1. We had to use mixal for an assembly language course at Purdue in the ’70s. The course moved to COMPASS for CDC 6500 after the first few weeks. The shift was planned in the course because the CDC 6500 was an unusual architecture (1s complement and 60-bit in a world of 8-, 16-, and 32-bit 2s complement machines). The shift in architectures generated lots of opportunities for pedagogical discussion.

  2. Nearly every widely used modern processor, no matter how different it looks, is much more closely related to the Intel 8080 than any of these old minicomputers and mainframes. No stack was a common un-feature, and the HP2100A executed a subroutine call by writing the return address to the first word of the subroutine code in RAM, then skipping it before starting execution, and returning with an indirect jump. No recursion for you! It was also common for test instructions to skip the next instruction on pass or fail, so any instruction could be made conditional not just jumps and calls. And you could also often pack several small math instructions into a single word for efficiency, since RAM is rather precious when 8 kilobytes costs over $20K (magnetic core days).

  3. The TMS 9900 used in the TI 99/4a had no true stack or special purpose registers. It was a wild design if you were coming from “standard” microprocessors.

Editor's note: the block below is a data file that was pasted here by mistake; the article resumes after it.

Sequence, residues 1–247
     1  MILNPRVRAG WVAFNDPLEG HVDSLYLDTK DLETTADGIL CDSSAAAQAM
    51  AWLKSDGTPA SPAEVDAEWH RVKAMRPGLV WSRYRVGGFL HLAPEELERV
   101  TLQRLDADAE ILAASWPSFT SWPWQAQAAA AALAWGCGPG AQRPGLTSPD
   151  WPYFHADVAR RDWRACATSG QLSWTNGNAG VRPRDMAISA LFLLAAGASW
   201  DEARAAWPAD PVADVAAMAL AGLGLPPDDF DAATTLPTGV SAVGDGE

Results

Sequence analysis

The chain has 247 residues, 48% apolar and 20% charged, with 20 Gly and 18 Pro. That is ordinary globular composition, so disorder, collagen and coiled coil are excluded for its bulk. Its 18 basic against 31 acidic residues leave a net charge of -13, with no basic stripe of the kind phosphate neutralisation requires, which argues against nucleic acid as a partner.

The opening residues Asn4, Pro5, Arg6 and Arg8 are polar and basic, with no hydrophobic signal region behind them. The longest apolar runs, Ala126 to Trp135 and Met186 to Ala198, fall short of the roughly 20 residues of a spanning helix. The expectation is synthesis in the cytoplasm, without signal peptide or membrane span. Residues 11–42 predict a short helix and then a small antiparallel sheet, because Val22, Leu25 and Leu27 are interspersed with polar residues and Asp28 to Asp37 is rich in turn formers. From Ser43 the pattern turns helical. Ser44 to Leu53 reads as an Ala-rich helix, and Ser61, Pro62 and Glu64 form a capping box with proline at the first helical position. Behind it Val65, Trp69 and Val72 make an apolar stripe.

From Wikipedia.

    > The minicomputer roots of the TMS9900 give rise to a number of architectural features that are not commonly found on designs that started from a blank sheet. Notable among these was the TMS9900’s use of processor registers that are mapped into main memory.
    > There is no concept of a stack and no stack pointer register. Instead, branch instructions exist that save the program counter to a register and change the register context. The 16 hardware and 16 software interrupt vectors each consist of a pair of PC and WP values, so the register context switch is automatically performed by an interrupt as well.

    1. In the days when the bandwidth to your register and your main memory were no more than an order of magnitude apart, this was super smart (I thought it was at the time). But it was doomed as internal memory got much faster compared to external memory access and caching became prevalent.

      1. “…this was super smart”

        Have to agree. The *only* reason for caching is because external memory (now) cannot keep up with the processor core (and a whole slew of little soldier problems that got created along the way). Think where we could have been today, had we not gone down the DRAM route, and put that money and R&D into static RAM?

        Apart from that, our computing paradigm has not changed in 50 years. If you knew a 8080, or 6800 series processor, then you know every single processor since then.

  4. I remember a $6-12 credit card sized organizer that ran on a button battery and used similar LCD matrix displays from the late 80’s… Single chip-under-epoxy-blob PCB inside.

    Perfect thing to make your friend with the calculator watch jealous. Fun times.

Leave a Reply

Please be kind and respectful to help make the comments section excellent. (Comment Policy)

This site uses Akismet to reduce spam. Learn how your comment data is processed.